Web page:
Hiroshima: Peace Memorial Park and Museum
Although Hiroshima was almost completely flattened by the world’s first nuclear attack in 1945, the rebuilt city now stands as an international monument to peace. More than one million people visit it every year. Hiroshima’s famous Peace Memorial Park stands at the city’s center, in the midst of what was once its busiest residential and commercial area. The park itself has over 50 cenotaphs and monuments, and there is a special memorial ceremony held each year on August 6, which is the anniversary of the 1945 bombing.
From the cenotaph in the middle of the Peace Park, there is a clear view of the A-Bomb Dome, which is basically the upper shell of Hiroshima’s former Industrial Promotion Hall. This building was the closest structure to ground zero to remain partially standing.
The Peace Memorial Park is home to three Peace Bells, the largest of which was donated by the Greek embassy. It bears an inscription from Socrates in ancient Greek, Japanese and Sanskrit, which translates as “Know Yourself”. Its surface depicts a world map without borders, and the pleasant tone of the bell resounds frequently throughout the park as visitors step up to ring it.
Visitors to the Peace Memorial Park will also discover the Children’s Peace Monument, a particularly powerful place to sit quietly and reflect on things. The domed monument is topped with a statue of Sadako Sasaki, a young girl who developed terminal leukemia from exposure to nuclear radiation. During her final three months of life, Sadako famously attempted to fold 1000 origami cranes in order to receive a wish from the gods: that she be granted a normal, healthy life. Sadako only managed to fold 644 cranes before her death, so her young friends completed the 1000, which were then buried alongside her. To this day, Japanese schoolchildren leave long chains of brightly colored paper cranes at her monument in Hiroshima.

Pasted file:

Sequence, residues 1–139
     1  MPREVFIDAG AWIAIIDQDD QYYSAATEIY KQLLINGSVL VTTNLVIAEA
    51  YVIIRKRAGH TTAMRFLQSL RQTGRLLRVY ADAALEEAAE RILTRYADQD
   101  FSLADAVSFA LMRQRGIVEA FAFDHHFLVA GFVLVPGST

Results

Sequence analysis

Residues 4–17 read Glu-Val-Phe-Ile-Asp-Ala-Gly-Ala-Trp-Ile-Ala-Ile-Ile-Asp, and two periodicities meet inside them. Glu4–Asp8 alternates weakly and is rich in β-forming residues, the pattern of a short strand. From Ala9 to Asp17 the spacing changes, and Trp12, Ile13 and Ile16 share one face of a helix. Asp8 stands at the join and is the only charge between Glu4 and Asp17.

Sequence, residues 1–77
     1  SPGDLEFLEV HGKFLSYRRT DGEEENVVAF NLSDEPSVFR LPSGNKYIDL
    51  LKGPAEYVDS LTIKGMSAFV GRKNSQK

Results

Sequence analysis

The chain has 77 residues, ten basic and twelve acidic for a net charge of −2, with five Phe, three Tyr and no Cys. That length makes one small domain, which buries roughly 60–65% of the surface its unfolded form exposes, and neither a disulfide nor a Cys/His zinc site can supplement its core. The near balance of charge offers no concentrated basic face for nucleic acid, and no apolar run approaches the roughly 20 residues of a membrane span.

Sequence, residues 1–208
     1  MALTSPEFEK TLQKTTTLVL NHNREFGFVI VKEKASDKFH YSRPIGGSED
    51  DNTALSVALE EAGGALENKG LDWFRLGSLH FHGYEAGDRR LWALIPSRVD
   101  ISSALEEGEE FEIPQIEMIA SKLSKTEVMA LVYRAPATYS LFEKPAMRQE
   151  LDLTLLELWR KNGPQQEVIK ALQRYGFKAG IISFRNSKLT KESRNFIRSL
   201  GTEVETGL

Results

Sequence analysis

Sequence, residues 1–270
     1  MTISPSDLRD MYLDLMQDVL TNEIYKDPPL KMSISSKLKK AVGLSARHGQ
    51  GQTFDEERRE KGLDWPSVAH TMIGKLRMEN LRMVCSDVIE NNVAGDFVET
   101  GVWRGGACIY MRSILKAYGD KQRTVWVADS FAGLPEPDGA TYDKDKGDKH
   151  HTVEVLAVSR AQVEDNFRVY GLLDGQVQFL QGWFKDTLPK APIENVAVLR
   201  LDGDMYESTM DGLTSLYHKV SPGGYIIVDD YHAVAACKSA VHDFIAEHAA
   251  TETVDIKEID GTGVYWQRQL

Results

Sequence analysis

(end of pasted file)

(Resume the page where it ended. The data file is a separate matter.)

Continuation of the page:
Hiroshima Atomic Bomb Dome
The most recent addition to the Peace Memorial Park was built in 2005, and comprises ten glass Gates of Peace. Each gate represents one of Dante’s nine circles of hell, with the tenth gate symbolizing the living hell caused by the atomic bomb in Hiroshima. The word for “peace” is inscribed on the steel frames of the gates in 49 different languages.
Perhaps the most difficult place to visit in Hiroshima is the Peace Memorial Museum. The museum provides a largely unbiased account of the 1945 bombing, and the atmosphere inside is hushed and almost reverent. One display sign inside even reads “The Japanese were not blameless victims.”
Many of the museum’s exhibits display a tremendous level of detail. The main building contains actual artifacts from the blast, and other areas use both models and images to show the effect of the bombing. There are also screened documentaries, along with some fairly chilling testimonials from survivors. There is an area for visitors to write their own impressions and leave messages of peace. All in all, a visit to the Peace Memorial Museum is a somber but profoundly affecting experience, and worth spending some time over.